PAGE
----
Revised travel prohibitions are OK,except for the fine print
By Jennifer Hadley 05/13/2010
Idon’t talk a lot about air travel in this column, mainly because I try to avoid it whenever possible. But soon enough, I’ll be forced to take to the skies to go welcome my nephew into the world. Naturally, I’d prefer that my pregnant sister-in-law come have the baby here so I don’t have to fly, but some people seem to think that’s selfish of me. That means I’m going to have to woman up and hop a flight in a few weeks. Ick. Just thinking about it makes me nervous.
Fortunately, though, I have new rights as an airline passenger (assuming I leave out of a major airport, and not Van Nuys, for example). Thanks to the new US Department of Transportation’s tarmac delay rule, after two hours of sitting on an idle plane, the airline has to give me water and a snack. Score! Even better: I can no longer be held captive on a plane sitting on the tarmac for more than three hours. At that point, I now have the right to get off the plane and stretch my legs (and undoubtedly make a bee-line for the bar). Moreover, if the airline employees won’t let me, well, they’re going to pay. Yep, the DOT is really sticking it to them, fining them up to $27,500 per passenger if they won’t let us off the plane after three hours. Well, at least that’s how the DOT is spinning this story.
It’s not a spin that they have enacted this new rule. It’s a done deal. And at first it sounds all butterflies and rainbows for passengers, but, as with all government rules, there is quite a bit of fine print that isn’t making huge headlines.
First, consider that the three hours starts only once the cabin doors have been closed. Hmmm, given my gross distrust of airlines in general, I can’t help but wonder: If I’m a pilot and I know that I’m going to be delayed more than three hours, what harm is there in leaving that cabin door open just a wee bit longer than necessary? Of course, that’s just me. Surely real pilots wouldn’t entertain such an idea.
Pilots also get quite a bit of wiggle room in interpreting this new rule. According to the DOT, pilots can make exceptions to the rule and refuse to return me to the terminal based on a safety or security issue. Safety and security issues like weather, for example. What kind of weather is going to prevent a pilot from letting me get off the plane? I hope they don’t intend to keep me on the plane in the event of a tornado, for crying out loud. So that leaves what? Rain as a safety or security issue? Still, it’s the pilot’s call.
Air traffic control can also override this rule and make me stay on the plane till kingdom come if they think sending me and my fellow passengers back to the terminal will grossly disrupt the airport’s operations. Seems to me if one plane returning to the terminal would disrupt the entire airport’s operations, that airport may need to do a little “restructuring.”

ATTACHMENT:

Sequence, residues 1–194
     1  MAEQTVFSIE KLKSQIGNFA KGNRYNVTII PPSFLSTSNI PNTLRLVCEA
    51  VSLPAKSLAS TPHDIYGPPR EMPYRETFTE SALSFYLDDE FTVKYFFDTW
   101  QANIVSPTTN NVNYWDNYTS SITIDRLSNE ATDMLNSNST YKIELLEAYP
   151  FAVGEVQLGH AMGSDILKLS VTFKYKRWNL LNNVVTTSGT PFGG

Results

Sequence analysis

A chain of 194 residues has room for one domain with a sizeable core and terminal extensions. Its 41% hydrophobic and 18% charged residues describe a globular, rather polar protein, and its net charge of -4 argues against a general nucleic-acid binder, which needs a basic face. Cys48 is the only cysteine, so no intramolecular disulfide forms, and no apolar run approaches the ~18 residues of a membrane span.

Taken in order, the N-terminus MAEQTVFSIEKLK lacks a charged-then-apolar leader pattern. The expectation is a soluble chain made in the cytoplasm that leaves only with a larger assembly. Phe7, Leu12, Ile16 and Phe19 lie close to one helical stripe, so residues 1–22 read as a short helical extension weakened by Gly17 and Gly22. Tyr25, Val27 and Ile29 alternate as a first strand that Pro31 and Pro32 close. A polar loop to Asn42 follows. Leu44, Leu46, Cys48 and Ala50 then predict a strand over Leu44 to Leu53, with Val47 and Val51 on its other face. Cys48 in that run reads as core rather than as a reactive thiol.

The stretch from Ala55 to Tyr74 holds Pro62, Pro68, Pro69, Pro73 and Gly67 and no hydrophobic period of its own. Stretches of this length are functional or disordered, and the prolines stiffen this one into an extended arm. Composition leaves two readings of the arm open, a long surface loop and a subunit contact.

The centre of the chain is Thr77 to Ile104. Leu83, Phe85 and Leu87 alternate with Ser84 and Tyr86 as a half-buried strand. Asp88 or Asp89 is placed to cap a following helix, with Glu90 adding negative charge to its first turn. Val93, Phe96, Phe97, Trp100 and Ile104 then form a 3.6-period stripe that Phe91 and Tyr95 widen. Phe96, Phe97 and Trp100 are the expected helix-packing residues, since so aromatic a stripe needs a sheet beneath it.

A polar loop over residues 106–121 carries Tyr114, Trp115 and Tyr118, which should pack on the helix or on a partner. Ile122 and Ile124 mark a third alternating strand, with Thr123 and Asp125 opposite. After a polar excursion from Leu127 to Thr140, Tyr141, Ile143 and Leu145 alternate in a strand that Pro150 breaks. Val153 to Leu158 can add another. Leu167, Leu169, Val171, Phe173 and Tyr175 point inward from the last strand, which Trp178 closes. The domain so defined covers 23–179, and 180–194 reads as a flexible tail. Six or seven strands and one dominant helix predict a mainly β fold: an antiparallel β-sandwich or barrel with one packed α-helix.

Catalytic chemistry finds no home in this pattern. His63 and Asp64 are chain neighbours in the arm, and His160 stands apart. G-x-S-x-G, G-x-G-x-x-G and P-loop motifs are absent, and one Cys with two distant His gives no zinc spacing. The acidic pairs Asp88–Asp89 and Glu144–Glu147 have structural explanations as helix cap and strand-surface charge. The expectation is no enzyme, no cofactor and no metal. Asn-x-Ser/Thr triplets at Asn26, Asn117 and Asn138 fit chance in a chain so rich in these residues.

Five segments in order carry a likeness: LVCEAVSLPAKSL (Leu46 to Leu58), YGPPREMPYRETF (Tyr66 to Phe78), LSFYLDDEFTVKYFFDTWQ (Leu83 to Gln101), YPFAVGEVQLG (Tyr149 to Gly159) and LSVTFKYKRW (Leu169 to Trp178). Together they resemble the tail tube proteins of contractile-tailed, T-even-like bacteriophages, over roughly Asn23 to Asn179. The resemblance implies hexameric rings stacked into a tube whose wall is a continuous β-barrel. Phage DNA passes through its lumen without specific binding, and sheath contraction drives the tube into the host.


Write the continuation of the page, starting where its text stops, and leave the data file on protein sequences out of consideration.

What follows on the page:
Other loopholes in this new regulation? None of this applies to international flights, which I find laugh-out-loud funny. I can’t be forced to sit on an immobile plane for more than three hours when I’m flying from here to Vegas. But if I’m flying from here to Tokyo, they’ll let me sit all the live-long day. Makes perfect sense. I’m sure even doctors will agree that the longer you sit cramped, unable to move or stretch your legs, the better.
Still, for all my cynicism, I think that the DOT is at least trying to give air travelers more rights, and some of their forthcoming rules and regulations delight me. For example, by the end of July, major airlines will have to post delay statistics on their Web sites so that we can see just how often a flight we’re considering booking is delayed. And I applaud them for forbidding airlines to continue scheduling flights that are chronically delayed.
Moreover, I’m tickled to death that airlines must respond within 60 days to any written complaint I file. I have a feeling this might up the efforts of airlines to return to a more customer service-friendly business model, which seems to have flown the coop (hee-hee) years and years ago.
So there you have it. We’ve been granted more rights. Will they let me down? Probably. The loopholes are pretty evident, but at least the federal government made an effort to make us feel like we have more rights. And since I do have to fly from time to time, having more rights is a good thing. In the meantime, I’m thankful I’m flying into Seattle next month and not, oh let’s say, Phoenix. Who knows what rights I’d have there.
Contact Jennifer Hadley at firstname.lastname@example.org